Charles Busch: Still Divine In Solo Show In Milford

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Charles Busch looks divine on his divan.

It is a sunny January afternoon and the actor-playwright-drag artiste is casually chatting about his upcoming solo show in Milford from his “jungle red” living room in his Greenwich Village apartment.

But the conversation soon goes astray with quick quips, theater stories, and show biz gossip.

Eventually we return on track to the subject at hand: His Native New Yorker show, which will be presented by the Milford Arts Council in association with Pantochino Productions, Inc., at MAC, 40 Railroad Ave. South in downtown Milford, Friday, Jan. 25. Busch considers this his out-of-town try-out before playing at the off-Broadway venue, 54 Below, next month.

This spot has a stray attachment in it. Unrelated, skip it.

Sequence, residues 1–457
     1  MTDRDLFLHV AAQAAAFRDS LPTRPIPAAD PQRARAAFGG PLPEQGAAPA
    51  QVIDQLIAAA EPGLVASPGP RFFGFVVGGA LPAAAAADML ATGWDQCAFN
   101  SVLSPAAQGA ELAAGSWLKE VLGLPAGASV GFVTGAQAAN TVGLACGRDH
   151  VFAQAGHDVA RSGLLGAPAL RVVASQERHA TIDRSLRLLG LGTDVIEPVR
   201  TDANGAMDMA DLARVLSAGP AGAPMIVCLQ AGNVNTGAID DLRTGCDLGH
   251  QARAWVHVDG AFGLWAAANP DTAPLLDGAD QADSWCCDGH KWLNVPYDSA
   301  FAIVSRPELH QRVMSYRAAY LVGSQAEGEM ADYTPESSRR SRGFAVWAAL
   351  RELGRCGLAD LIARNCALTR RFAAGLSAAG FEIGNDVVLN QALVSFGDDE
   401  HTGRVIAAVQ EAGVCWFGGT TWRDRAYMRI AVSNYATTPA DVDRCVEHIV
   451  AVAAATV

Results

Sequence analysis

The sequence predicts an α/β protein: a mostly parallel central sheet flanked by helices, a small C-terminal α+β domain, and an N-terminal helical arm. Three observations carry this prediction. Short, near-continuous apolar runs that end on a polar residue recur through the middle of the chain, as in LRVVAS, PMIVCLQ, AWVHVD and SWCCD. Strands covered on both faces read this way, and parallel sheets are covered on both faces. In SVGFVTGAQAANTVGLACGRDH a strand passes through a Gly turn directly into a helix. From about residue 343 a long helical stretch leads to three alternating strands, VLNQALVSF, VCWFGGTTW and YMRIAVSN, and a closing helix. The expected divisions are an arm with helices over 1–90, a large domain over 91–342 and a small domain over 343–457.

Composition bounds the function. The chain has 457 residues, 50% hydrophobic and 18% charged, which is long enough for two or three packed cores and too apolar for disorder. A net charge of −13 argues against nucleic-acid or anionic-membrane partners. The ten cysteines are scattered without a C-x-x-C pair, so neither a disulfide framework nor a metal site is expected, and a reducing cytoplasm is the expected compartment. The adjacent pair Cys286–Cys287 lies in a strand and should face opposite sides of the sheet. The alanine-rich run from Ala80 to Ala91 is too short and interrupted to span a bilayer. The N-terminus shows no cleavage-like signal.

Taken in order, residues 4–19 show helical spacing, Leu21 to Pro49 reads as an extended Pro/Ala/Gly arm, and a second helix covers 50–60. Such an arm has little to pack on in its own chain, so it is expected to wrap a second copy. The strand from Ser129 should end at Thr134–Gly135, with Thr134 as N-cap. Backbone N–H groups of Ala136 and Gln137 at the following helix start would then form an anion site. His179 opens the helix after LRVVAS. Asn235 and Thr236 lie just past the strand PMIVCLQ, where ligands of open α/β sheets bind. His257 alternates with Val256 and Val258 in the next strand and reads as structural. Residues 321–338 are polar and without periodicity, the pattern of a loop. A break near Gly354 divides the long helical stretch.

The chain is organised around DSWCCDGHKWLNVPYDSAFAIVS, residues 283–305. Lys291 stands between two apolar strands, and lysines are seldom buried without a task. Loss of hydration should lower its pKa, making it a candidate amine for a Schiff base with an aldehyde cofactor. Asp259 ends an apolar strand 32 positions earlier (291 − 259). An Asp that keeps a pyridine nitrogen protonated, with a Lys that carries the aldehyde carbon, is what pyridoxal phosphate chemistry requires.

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In the show Busch tells a comic- yet-poignant tale of his early years in the ’70s striving to find a place for himself in show business. Songs include the work of Michel Legrand, Rupert Holmes, Stephen Sondheim, Jim Croce, and others, accompanied by Busch’s longtime musical director, pianist Tom Judson. Busch will appear sans drag, “but in green paisley suit with rhinestone buttons designed by James Johansmeyer of Milford. It’s at a place where Bruno Mars meets Judy at the Palace.”

“The ’70s ,” says Busch, 64, “was a mixture of the excitement of discovering who I was as a person and as a performer as well as a lot of fear and frustration of what’s to become of me. Will I get past the gatekeepers? Still, I had a rather deranged faith in myself and it never occurred to me that I would not ultimately earn my living in theater.”